[This message was written by daughter Sarah. This ministry actually had it’s start the night she was born, but that’s a different story. Sarah is now married and has a baby daughter, Clara. The picture was painted by Sarah and is a self-portrait of her and Clara. I pray you are blessed by her words.]
As you may remember, I am the fourth oldest of Steve’s kids. I’ve watched my three older siblings learn to care for children and develop their families in inspiring ways. Now my first child, Clara, (aka Troxel grandbaby number 12!) is almost a year old. I’ve had a great year spending time with her and getting to know her, and I was reflecting on a common type of question I am asked: “How is being a mom?” or “Do you like motherhood?” or “Is being a mom hard?” As normal as these questions are, I am always confused on how to answer them, because I haven’t developed a conceptual identity of “motherhood.” I haven’t really thought of myself as “becoming a mother” so much as “getting a Clara.”
Bringing Clara into my life has involved a lot of little things, and I know it’s different in a way from everyone else’s experience of bringing a child into their lives. Some little things have been hard for me, like finding strength in my arms and back to hold her. But some things have been easy for us, like how she sleeps for over 12 hours through the night (we are very thankful for that one!). And there are unique things about her I absolutely love; like how she dances through her entire meal in her high chair; or how she starts the day by pulling all her children’s books off the shelf and flipping through them.
But I know a more significant reason why I haven’t really focused on myself as “becoming a mother.” It’s because I don’t see my primary identity as a mother, and I don’t think I ever will. Don’t get me wrong, I strongly believe raising children is a holy calling; in fact it’s a true mission work. But I cling to my first identity:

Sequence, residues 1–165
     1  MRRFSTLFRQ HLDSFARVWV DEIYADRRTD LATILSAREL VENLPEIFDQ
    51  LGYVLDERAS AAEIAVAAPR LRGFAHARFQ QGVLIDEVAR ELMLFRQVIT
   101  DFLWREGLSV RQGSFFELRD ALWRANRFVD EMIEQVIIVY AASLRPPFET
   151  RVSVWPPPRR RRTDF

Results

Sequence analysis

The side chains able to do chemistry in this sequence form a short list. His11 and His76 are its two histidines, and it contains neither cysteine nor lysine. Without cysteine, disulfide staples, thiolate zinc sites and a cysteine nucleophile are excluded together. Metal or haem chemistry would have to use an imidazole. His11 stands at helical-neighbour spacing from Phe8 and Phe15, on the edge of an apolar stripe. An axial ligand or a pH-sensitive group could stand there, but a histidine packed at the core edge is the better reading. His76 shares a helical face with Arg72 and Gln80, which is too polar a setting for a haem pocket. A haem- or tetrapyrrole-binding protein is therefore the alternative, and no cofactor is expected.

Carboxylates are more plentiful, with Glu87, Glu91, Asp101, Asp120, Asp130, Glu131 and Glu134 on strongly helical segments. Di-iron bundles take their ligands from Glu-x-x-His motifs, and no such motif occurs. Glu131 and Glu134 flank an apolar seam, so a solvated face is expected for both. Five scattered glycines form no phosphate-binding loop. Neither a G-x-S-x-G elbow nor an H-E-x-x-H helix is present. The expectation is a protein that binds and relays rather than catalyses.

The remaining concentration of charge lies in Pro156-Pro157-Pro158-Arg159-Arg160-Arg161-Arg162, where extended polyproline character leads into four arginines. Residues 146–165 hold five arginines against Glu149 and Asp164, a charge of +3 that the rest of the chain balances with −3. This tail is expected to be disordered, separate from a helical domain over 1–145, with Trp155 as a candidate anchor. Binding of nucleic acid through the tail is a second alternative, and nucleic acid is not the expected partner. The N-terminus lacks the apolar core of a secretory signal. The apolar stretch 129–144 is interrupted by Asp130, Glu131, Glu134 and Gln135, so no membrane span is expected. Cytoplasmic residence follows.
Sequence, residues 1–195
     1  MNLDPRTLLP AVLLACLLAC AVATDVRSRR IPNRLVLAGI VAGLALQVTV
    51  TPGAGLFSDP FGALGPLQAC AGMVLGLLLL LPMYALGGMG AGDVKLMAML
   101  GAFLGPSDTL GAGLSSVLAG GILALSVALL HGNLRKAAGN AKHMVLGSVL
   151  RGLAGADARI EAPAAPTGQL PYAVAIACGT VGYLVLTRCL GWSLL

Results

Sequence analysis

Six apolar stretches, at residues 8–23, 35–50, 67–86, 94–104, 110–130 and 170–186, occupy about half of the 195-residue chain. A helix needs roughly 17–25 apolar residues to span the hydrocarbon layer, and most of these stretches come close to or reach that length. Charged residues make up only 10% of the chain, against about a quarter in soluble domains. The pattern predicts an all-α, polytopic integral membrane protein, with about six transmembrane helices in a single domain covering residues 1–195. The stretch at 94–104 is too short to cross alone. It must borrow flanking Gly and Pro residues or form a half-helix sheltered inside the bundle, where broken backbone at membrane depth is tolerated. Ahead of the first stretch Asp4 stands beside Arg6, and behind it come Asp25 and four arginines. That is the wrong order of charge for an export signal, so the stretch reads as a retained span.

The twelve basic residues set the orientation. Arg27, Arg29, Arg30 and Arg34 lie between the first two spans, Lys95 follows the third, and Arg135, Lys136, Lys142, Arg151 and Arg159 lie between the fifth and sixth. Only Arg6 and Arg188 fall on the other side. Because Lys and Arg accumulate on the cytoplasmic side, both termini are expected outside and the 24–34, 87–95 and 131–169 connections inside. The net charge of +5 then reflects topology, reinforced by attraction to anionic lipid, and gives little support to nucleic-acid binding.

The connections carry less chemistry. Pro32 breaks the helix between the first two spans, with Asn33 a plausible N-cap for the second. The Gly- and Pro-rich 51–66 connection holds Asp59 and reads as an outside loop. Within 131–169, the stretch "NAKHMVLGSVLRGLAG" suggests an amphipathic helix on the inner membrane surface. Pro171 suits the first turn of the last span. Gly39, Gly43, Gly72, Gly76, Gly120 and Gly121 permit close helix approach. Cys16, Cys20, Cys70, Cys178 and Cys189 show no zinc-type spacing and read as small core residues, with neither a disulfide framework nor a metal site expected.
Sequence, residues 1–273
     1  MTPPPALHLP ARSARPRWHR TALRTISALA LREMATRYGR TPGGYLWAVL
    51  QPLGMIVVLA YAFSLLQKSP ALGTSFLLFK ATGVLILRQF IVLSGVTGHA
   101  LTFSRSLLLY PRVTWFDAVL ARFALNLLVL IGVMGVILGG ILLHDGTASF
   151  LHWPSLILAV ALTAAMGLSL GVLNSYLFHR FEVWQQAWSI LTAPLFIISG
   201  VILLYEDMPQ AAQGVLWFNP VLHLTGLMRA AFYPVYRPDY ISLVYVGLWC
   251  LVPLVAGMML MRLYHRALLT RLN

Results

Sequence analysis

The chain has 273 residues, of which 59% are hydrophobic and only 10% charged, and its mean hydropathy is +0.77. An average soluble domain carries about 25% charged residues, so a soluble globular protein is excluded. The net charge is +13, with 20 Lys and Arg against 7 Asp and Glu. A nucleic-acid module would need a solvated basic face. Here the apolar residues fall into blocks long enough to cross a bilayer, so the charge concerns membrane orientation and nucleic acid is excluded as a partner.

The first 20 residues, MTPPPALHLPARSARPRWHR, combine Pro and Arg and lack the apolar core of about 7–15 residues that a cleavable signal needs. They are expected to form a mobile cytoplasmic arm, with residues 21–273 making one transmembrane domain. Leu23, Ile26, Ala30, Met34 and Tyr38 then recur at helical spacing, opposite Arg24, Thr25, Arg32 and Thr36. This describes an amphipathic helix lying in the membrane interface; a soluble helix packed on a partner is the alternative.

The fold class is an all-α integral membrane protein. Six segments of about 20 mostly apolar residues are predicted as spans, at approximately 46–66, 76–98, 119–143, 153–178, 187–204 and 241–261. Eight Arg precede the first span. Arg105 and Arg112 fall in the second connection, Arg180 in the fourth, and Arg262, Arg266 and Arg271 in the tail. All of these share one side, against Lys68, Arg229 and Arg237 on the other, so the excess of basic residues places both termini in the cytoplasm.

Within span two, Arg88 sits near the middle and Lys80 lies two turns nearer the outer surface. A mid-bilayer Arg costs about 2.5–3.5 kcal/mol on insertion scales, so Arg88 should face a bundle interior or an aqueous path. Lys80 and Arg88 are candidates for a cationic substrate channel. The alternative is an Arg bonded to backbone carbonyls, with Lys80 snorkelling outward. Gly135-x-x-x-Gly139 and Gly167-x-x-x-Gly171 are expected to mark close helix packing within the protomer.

But when the set time had fully come, God sent his Son, born of a woman, born under the law, to redeem those under the law, that we might receive adoption to sonship. Because you are his sons, God sent the Spirit of his Son into our hearts, the Spirit who calls out, “Abba, Father.” So you are no longer a slave, but God’s child; and since you are his child, God has made you also an heir.
Though I’ve been given a child, I am still, first and foremost, a child of God. That’s the only thing that can truly define me. Hallelujah, I’ve been redeemed, and I share in Christ’s identity under the Father!
It is a glorious relief to remember that I don’t have to carry the weight of making my own meaning and purpose out of being a mother. I am with Clara mostly full time right now, so I spend a lot of my day taking care of a small person with frequent needs. But once a week we drop her off at church nursery. And when I stand in the sanctuary and sing to God with my fellow brothers and sisters in Christ, I remember I am a child. I feel small and ignorant and needy. And I know I need Him more than I need to worry how Clara is doing in the nursery.
I don’t do this perfectly. Sometimes I do derive my purpose and meaning out of taking care of Clara. I love her a lot, and sometimes when she goes to bed for the night, I immediately lose all my sense of identity. I wander around the room, looking for some project that might fill the void. I think, “I’ve read my Bible today, so there’s really nothing left to do.” I forget to just be still and listen, to let God love me. Sometimes I have to lie down on the same floor where I played with Clara, and remember. My first identity remains! I have been given the Spirit of His Son making me cry “Abba, Father”, and reminding me that I am first a child.
Have a Christ Centered Day!
God’s Daily Word Ministries
**** Reading Plan ****
Mar 2 Leviticus 25:47-27:13; Mark 10:32-52; Psalm 45:1-17; Proverbs 10:22